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NAPOLEON EMPEROR OF ELBA
IT should not be forgotten that of all the Grand Army scarcely a sixth were French, and of those the best
officers and men returned. So almost at once Napoleon was able to raise a new army. True, most of the new
recruits were boys under twenty, but the magic of his name was still so great that they were eager to fight
for him. And he had need of all this eagerness, for Prussia, following the example of Spain, and encouraged by
the news of Napoleon's awful defeat in Russia, resolved to fight once more for freedom.
 Men rich and poor, old and young, flocked to the standard. Ladies brought their jewels, and the Czar of Russia
marched to meet his old friend, whom, it is true, he had forsaken, and almost betrayed, at Tilsit. Tears came
into the eyes of the old King as he greeted Alexander. "Wipe them," said he; "they are the last tears that
Napoleon will ever cause you to shed."
The Prussian leader was Blücher, a rough old man, but brave and loving his country well, and loved by his men,
who called him "Marshal Forwards." It was he who, after Jena, held out longest against Napoleon, only
surrendering when resistance was useless and hopeless.
The war lasted from April to October. But now Napoleon no longer won victory after victory as he used to do,
and at last at the battle of Leipsic he was defeated.
On the 16th of October the battle began. On the 19th Napoleon and his beaten army were streaming across the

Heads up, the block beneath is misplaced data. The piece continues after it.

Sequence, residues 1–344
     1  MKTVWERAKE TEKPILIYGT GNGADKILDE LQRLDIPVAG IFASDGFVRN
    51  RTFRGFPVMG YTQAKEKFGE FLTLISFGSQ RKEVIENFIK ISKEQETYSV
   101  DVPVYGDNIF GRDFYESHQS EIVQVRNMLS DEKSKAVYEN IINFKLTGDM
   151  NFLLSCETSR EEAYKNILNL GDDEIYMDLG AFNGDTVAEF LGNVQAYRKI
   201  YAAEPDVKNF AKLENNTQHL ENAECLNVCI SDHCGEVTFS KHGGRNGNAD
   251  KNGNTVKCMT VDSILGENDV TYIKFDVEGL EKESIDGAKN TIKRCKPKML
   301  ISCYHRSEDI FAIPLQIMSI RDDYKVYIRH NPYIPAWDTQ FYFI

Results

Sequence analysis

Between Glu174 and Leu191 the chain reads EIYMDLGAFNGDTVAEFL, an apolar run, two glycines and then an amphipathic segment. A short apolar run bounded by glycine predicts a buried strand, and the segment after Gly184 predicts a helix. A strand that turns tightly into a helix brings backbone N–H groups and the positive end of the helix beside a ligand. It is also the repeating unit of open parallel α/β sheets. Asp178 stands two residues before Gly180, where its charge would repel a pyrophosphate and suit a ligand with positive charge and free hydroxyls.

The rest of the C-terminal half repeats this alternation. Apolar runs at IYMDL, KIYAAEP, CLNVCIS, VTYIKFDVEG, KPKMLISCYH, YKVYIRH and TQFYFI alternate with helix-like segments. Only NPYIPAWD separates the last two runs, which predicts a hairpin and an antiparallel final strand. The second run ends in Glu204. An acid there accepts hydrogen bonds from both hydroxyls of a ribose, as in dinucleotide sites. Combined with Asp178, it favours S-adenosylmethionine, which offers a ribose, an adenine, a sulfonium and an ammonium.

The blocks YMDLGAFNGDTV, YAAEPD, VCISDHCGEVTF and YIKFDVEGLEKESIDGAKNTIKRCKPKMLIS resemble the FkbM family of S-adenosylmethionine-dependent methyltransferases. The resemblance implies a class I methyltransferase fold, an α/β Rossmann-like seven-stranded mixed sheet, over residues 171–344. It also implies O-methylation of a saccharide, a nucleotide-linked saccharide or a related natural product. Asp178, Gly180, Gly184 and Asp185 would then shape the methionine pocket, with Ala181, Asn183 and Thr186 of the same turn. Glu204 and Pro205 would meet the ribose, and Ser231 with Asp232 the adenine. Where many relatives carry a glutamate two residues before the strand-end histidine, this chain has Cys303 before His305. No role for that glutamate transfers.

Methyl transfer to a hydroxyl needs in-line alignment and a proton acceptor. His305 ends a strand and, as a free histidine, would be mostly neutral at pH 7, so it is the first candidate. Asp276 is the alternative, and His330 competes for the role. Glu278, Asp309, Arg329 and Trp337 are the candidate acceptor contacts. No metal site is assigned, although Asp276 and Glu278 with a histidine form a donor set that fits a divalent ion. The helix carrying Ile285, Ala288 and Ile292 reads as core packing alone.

Elbe, leaving behind them thousands dead, thousands more prisoners, besides hundreds of cannon, stores,
 and ammunition, and, greatest of all, a mighty empire shattered and crumbling into dust.
Without an army Napoleon could not hold his vast conquests. Without an army he could only be King of the
French, and of all his great forces only about forty thousand men hurried towards the borders of France.
All over Europe the nations now began to throw off French yoke. The Dutch and Germans tore the tricolour down,
and once more their own standards floated out on the breeze. Everywhere the German fortresses which were held
by French soldiers surrendered or were taken.
On the 19th of November Napoleon reached Paris, and here the allies sent to him conditions of peace. Much that
he had conquered was to be given back, but not all. The Rhine was still to be the boundary of France. Belgium,
Savoy, and Nice also were left to him. But Napoleon did not yet believe in his defeat. He would not give up
any of his conquests. So the allies marched into France, and another war began.
The allies fought, not with France, they
 said, but with Napoleon. "We thought to find peace before we touched your borders; now we come to find it
Many of the people of France had been weary of Napoleon and his wars. But now that the foe had marched into
their beloved land, they rose to defend it. Napoleon once more prepared to take the field.
On Sunday, 23rd January, he held a last and splendid reception in the palace of the Tuileries. When the
courtiers were gathered, Napoleon walked into the hall with the Empress Marie Louise and his little son, now
just three years old. Holding one by either hand, he turned to his court. "Gentlemen," he said, "France is
invaded. I go to put myself at the head of the army. I leave to you that which I hold dearest—my wife
Two days later Napoleon said good-bye to Marie Louise. They never saw each other again, for when Napoleon
returned to Paris his power was broken, and Marie Louise refused to share the fortunes of a fallen King.
 Never perhaps in all his triumphant campaigns had Napoleon shown more his great genius as a soldier than he
did now. Nearly always he had fought against armies smaller in numbers or less well drilled than his own. Now
he had to fight against far greater numbers, and his soldiers were for the most part young and untrained. Yet
still he wrung victories and triumphs from the foe.
But at last, after the war had been flung this way and that, after marches and counter-marches, after taking